Hungary Raises $3.25 Billion in First Foreign Bonds Since 2011
Feb. 13 (Bloomberg) -- Hungary raised $3.25 billion in its first sale of foreign bonds in 21 months, returning to the debt market after Prime Minister Viktor Orban abandoned a quest for International Monetary Fund support.
The government sold $2 billion of 10-year notes to yield 345 basis points above U.S. Treasuries and $1.25 billion of five-year securities at a spread of 335 basis points, according to data compiled by Bloomberg. Yields on Hungary’s dollar- denominated bonds due March 2021 fell one basis point, or 0.01 percentage point, to 4.79 percent, the lowest level in two weeks and 330 basis points more than the U.S. benchmark.
Hungary tapped the market after failing to obtain a flexible credit line from the IMF during a year of disputes over central bank independence and Orban’s measures to cut the biggest debt burden in the east of the European Union. The country’s debt agency said Jan. 14 that it plans to issue between 4 billion euros ($5.3 billion) and 4.5 billion euros on international markets in 2013 to help repay 5.1 billion euros in foreign-currency liabilities.
“They’re finally showing they have the ability to access the international bond market,” Esther Law, a London-based emerging-market strategist at Societe Generale SA, said by phone yesterday. “It should be positive for Hungary, also for local debt in terms of relieving pressure on local issuance.”
Yields on Hungary’s five-year forint-denominated bonds fell seven basis points to 5.642 percent yesterday, the lowest level in more than seven years and down from a peak of 10.84 percent in January 2012. The forint strengthened 0.2 percent to 290.11 per euro yesterday, paring earlier losses of as much as 0.7 percent.
Hungary hired BNP Paribas SA, Citigroup Inc., Deutsche Bank AG and Goldman Sachs Group Inc. for the sale, the Debt Management Agency said in an e-mailed statement.
Aviva Investors Ltd. was planning to buy one of the Hungarian bonds for sale as the reported terms were “fair value,” Jeremy Brewin, who helps oversee more than $5 billion of emerging-market fixed-income assets as a portfolio manager, said by phone from London yesterday before the sale was completed.
Hungary, which will hold parliamentary elections next year, doesn’t need a bailout and will tap the international market instead, Orban said in Brussels Jan. 30.
The country’s financing costs tumbled last year as Orban took steps to reduce debt and the U.S. Federal Reserve’s bond buying program boosted demand for higher-yielding assets. Yields on forint notes plunged as the Magyar Nemzeti Bank lowered the benchmark rate by a cumulative 1.5 percentage points since August to 5.5 percent, the lowest level since 2010.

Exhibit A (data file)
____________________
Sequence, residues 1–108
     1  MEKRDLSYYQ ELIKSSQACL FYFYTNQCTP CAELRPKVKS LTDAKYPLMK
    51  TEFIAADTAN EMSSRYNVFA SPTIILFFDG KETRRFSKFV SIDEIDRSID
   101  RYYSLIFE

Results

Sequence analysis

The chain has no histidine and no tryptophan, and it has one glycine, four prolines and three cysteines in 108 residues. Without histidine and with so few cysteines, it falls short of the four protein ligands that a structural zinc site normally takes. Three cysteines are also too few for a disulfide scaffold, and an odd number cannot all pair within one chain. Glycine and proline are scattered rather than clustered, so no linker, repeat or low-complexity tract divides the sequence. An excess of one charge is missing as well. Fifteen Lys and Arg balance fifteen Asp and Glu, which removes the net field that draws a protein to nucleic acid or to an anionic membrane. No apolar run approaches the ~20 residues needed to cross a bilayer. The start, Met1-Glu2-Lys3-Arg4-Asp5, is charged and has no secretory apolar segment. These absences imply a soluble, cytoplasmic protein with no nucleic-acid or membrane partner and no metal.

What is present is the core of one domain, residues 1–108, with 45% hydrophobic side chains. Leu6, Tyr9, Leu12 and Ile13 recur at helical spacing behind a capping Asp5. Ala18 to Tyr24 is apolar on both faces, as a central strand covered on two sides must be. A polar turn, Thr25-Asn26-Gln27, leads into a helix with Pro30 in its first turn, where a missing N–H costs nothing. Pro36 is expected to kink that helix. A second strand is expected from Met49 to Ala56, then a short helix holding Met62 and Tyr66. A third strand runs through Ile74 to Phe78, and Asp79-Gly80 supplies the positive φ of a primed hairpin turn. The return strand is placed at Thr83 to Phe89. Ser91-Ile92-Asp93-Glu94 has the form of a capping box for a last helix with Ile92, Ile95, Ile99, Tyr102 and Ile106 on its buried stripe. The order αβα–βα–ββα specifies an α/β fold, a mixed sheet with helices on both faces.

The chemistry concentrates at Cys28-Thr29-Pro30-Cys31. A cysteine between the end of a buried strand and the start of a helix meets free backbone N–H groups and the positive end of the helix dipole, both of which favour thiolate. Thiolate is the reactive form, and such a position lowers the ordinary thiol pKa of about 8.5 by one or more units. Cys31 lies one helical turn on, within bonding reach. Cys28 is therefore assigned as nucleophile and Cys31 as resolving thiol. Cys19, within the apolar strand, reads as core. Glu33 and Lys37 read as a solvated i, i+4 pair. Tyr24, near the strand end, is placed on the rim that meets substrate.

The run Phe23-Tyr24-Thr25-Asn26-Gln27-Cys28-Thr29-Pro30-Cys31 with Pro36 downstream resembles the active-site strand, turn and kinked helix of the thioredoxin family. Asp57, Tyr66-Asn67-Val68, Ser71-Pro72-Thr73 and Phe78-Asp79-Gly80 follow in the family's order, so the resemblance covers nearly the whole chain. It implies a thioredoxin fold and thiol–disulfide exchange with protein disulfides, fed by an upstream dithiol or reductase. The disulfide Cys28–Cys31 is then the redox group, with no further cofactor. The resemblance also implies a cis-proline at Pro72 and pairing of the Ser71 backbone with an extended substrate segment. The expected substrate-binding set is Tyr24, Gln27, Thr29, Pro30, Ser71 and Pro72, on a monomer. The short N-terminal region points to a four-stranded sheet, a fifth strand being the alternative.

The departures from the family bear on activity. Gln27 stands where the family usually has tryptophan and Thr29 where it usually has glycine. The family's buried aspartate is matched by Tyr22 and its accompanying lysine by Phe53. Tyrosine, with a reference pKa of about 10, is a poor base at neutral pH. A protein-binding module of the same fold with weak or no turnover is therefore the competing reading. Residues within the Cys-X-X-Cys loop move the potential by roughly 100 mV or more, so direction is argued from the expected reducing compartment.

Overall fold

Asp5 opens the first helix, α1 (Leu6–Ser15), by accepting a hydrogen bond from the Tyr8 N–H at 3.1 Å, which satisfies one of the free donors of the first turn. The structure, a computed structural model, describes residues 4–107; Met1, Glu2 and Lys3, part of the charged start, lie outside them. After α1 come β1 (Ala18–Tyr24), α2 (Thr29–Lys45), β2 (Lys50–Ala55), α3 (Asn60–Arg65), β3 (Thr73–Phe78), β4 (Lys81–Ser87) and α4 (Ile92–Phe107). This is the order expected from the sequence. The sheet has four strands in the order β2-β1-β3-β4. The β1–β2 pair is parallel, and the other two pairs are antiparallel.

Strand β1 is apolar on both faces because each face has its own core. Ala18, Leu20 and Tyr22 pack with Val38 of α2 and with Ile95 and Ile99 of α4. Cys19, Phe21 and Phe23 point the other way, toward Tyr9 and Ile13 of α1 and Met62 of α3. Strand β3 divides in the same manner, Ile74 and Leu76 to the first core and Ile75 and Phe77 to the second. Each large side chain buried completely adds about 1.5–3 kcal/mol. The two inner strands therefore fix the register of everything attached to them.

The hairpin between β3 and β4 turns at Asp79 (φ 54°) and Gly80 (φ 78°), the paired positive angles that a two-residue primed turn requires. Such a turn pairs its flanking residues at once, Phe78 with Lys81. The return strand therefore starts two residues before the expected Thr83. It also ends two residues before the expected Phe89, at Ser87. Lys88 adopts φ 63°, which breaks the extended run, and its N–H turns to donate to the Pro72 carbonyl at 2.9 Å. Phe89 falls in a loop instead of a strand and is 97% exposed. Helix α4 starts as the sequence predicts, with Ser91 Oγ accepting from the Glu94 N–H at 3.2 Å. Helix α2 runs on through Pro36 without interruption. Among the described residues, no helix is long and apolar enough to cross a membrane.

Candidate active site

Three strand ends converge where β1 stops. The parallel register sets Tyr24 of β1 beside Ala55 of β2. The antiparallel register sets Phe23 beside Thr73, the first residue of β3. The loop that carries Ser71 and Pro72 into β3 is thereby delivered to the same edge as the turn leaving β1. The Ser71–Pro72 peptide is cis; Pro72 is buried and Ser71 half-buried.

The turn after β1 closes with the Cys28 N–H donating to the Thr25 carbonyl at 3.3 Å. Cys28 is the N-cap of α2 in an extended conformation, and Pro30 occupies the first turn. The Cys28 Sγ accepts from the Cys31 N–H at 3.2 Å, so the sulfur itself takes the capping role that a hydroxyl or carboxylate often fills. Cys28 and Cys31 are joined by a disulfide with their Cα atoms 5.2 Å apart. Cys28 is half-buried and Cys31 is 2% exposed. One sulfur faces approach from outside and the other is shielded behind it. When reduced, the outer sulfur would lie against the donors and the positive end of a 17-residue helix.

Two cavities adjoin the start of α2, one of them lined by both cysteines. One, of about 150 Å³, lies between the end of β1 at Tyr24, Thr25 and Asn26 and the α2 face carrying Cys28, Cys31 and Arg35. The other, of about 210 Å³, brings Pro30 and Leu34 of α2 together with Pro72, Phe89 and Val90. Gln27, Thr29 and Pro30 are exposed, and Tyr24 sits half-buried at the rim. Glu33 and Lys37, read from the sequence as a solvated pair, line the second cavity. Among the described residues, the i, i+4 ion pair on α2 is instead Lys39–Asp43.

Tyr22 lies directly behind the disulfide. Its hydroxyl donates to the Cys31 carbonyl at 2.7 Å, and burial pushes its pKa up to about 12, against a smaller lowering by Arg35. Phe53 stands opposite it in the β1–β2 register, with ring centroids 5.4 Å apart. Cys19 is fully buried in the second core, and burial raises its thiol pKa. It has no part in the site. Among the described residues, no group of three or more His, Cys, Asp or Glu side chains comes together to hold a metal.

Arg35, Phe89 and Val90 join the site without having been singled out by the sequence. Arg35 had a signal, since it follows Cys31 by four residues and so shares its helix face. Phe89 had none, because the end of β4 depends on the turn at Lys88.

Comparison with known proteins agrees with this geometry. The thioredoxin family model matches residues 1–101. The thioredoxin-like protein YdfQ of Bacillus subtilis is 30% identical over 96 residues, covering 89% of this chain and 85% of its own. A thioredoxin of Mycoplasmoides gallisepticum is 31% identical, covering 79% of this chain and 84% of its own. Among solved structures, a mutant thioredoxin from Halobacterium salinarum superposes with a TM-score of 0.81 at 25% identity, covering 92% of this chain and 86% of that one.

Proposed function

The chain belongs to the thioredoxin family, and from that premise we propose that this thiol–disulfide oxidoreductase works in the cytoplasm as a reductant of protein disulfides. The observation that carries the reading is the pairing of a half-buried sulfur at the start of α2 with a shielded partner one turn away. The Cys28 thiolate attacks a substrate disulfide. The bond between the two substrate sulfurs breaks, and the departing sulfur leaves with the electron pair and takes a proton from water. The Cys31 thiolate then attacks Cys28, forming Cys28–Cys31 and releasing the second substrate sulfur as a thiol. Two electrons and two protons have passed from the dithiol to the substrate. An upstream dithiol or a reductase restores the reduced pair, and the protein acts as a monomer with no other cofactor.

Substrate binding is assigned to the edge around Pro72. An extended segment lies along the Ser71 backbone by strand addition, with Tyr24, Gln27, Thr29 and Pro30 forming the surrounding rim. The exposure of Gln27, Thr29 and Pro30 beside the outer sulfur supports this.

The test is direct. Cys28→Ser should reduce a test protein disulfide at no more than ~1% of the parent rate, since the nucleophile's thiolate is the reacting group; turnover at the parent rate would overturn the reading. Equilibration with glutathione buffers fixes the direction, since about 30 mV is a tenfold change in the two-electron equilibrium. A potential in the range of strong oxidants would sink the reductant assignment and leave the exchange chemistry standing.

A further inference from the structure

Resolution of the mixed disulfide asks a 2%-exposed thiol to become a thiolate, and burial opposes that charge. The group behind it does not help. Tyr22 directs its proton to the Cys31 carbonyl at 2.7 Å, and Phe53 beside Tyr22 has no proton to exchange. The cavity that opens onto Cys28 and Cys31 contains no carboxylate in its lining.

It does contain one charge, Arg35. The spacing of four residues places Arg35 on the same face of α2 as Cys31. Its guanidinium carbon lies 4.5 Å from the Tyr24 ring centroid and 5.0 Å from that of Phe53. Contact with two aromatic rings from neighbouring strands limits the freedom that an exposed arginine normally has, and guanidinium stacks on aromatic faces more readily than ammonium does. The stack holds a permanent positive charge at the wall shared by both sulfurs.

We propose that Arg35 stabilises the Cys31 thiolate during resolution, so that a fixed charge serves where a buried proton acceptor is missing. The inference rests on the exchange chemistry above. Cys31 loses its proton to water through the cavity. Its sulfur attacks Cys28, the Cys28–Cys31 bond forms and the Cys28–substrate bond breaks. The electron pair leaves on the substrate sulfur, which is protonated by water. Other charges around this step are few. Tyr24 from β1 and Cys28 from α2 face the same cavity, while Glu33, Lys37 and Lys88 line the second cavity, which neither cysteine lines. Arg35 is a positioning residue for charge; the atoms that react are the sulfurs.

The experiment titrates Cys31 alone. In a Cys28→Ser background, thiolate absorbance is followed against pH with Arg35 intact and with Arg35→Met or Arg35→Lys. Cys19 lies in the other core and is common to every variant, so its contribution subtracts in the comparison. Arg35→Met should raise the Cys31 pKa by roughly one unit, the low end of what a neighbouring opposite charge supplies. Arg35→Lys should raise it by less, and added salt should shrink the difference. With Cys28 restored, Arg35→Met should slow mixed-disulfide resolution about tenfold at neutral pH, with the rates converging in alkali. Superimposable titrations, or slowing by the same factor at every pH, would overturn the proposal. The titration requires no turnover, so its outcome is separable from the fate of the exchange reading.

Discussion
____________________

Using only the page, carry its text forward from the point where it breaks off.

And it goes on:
Hungary has benefited “tremendously” from the “global tide” of liquidity and the government’s fiscal commitment, Iryna Ivaschenko, the IMF’s representative in Budapest, told a conference in Budapest yesterday. The country remains “susceptible to sudden changes in investor sentiment,” she said.
The junk-rated nation, which last sold bonds abroad in May 2011, filed a prospectus for the sale to the Securities and Exchange Commission. The government sold a record $3.75 billion of foreign bonds in March 2011 and 1 billion euros two months later. Hungary scrapped plans for a foreign debt sale last year on anticipation of a loan from the IMF.
Turkey, which like Hungary is rated one step below investment grade by Moody’s Investors Service, sold 10-year dollar bonds on Jan. 8 yielding 160 basis points over Treasuries, compared with a 377 basis-point spread at a sale of similar-dated Turkish bonds in February 2012.
Orban has nationalized privately managed pension assets, levied special taxes on banks, telecommunications and energy companies and forced lenders to take losses on foreign-currency loans since taking office in 2010.
The prime minister may use the opportunity created by a successful bond issuance for another “negative” turn in policy, possibly by naming Economy Minister Gyorgy Matolcsy as central bank president, Peter Attard Montalto, a London-based strategist at Nomura Holdings Inc., said by e-mail yesterday.
Matolcsy has been named as the most likely successor to central bank President Andras Simor, who leaves office in March, by media including the Index and vg.hu news websites.
The forint tumbled as much as 3 percent after Matolcsy said in December that the bank should “bravely” use unorthodox methods to bolster the economy. Hungary’s currency rebounded after Matolcsy and the central bank’s rate-setting Monetary Council each urged caution two weeks ago on using “unconventional” monetary tools.
“We need to be on alert” after the bond sale, Montalto said.
Moody’s affirmed Hungary’s credit rating at Ba1 with a negative outlook Feb. 8, saying Orban’s policies have weakened the economy since November 2011, when it cut Hungary to one step below investment grade.
Hungary’s financing needs in 2013 are the largest among its peers in central and eastern Europe, at an estimated 19 percent of gross domestic product, according to Moody’s.
The cost of insuring against default on Hungary’s debt with credit-default swaps fell 4 basis points to 289 points yesterday, according to data provider CMA, which is owned by McGraw-Hill Cos. and compiles prices quoted by dealers in the privately negotiated market in London.
“That Hungary was able to pull of such a sale at these yields despite its much more pronounced idiosyncratic risks speaks volumes about how market conditions have changed over the past several months,” Nicholas Spiro, managing director of Spiro Sovereign Strategy Ltd. in London, said by e-mail. “The pendulum of sentiment towards Hungary has swung from paranoia to complacency.”
--With assistance from Allan Lopez in New York, Zoltan Simon in Budapest and Lyubov Pronina in London. Editors: Wojciech Moskwa, Emma O’Brien